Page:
In NV non-compete agreements may be enforced by the employer so long as they are reasonable with regard to time and geographical area, protect a legitimate business interest of the employer, and do not result in "undue hardship" on the employee. Generally, restrictions of up to two years and covering areas where the employer actually does business will be considered reasonable by a court. "Hardship" is a bit more difficult to define but the simple fact an employee is precluded from working for a competitor is not itself hardship as if that were the case then all non-competes would be unenforceable. Generally, hardship comes into play when the employee is terminated, since they are unemployed through no fault of their own.
Assuming your non-compete is enforceable, the fact that you didn't know what you signed would not be a defense in a breach of contract lawsuit. If sued, your employer would be entitled to recover any actual, provable losses suffered as a result of your breach, plus any additional damages as specified by your contract.
In terms of how to proceed, you can always accept a job with a competitor and hope that your employer doesn't find out. Obviously, they can't sue you over something they aren't aware of. Another option would be to negotiate a "buyout" of some kind, wherein you pay your employer an agreed upon amount of money in exchange for a release from your non-compete. Yet another option still would be to retain an attorney to write your employer a letter explaining that the non-compete is unenforceable on the ground that it imposes undue hardship on you, but for the reasons I note above, this argument would be unlikely to actually succeed in court since you are voluntarily leaving the job and the non-compete would seem to meet all other enforceability criteria. Still, the fact your employer knows that you will defend against a lawsuit may make it a lot less likely that you are actually sued, especially if your employer cannot connect your breach to any specific damages.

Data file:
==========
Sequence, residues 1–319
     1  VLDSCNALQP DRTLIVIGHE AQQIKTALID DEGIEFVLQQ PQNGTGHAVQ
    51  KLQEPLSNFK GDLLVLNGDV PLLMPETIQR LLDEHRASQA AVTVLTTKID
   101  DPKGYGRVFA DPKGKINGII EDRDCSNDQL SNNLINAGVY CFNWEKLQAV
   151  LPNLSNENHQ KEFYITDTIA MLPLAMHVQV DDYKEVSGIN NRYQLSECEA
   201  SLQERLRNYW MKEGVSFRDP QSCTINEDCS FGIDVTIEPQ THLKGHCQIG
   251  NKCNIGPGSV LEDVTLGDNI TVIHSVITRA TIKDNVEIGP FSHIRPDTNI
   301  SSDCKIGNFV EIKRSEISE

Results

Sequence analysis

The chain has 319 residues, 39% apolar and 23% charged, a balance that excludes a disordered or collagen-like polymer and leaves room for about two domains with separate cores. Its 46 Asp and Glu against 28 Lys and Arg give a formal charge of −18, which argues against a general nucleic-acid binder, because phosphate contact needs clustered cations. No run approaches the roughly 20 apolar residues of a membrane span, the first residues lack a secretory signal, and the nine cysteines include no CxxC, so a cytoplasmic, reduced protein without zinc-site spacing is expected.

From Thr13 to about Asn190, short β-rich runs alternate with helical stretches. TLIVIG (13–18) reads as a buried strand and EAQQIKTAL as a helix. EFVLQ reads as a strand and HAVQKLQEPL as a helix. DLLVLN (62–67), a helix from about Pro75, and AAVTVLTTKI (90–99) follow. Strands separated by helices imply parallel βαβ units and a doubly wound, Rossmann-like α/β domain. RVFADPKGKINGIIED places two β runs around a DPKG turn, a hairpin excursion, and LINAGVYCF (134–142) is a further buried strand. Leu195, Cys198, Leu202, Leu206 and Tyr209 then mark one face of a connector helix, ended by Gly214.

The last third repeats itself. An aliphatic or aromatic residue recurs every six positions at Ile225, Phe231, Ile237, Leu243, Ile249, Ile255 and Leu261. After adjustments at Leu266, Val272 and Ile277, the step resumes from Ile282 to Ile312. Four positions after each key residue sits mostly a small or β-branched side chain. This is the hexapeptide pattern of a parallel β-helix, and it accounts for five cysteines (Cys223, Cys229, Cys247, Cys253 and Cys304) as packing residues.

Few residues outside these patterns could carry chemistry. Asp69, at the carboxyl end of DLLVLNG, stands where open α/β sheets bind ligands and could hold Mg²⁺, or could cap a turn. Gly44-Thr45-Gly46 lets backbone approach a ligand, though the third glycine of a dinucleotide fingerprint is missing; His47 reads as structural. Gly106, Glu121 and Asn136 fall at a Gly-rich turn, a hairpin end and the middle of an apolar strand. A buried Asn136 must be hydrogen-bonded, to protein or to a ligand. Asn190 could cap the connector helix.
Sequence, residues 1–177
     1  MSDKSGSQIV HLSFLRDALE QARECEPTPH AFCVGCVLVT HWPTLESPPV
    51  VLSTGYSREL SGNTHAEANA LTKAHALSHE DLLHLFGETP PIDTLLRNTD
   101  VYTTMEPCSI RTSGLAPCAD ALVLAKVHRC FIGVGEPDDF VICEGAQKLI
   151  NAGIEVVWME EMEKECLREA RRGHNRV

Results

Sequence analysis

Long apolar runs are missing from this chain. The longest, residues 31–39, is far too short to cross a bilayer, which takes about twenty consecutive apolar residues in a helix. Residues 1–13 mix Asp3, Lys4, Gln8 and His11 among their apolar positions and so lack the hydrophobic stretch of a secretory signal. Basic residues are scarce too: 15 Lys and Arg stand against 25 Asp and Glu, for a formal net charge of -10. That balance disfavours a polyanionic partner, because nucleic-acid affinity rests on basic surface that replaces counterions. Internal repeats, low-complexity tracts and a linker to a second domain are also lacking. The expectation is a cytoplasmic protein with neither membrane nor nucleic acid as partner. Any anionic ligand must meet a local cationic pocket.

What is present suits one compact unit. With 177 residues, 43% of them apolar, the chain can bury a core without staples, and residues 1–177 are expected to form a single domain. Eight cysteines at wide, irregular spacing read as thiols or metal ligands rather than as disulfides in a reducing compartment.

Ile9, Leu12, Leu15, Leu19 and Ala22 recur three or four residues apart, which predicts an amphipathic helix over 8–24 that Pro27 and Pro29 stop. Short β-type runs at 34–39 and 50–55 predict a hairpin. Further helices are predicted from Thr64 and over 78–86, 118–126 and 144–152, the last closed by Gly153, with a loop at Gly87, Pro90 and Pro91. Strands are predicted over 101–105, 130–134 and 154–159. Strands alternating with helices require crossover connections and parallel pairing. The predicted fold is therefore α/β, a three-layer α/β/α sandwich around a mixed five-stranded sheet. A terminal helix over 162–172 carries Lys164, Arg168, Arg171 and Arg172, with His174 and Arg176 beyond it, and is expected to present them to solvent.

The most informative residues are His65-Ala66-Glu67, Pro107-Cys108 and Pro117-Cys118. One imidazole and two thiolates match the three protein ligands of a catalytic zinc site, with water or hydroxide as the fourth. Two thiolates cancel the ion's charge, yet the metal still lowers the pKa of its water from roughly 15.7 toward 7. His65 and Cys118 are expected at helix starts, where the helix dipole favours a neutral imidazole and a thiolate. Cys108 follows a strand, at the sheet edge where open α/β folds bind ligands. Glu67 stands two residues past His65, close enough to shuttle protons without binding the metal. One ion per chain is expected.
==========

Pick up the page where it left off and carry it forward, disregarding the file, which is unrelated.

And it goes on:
These are really the only options in this circumstance, aside of course from abiding by the terms of your non-compete and not working for a competitor for the time frame the you agreed to under your contract. I wish there were better options, but as non-competes are generally enforceable and there is a strong public policy in favor of holding people accounting to the agreements they enter into, there is really no way to completely skirt around what you signed.
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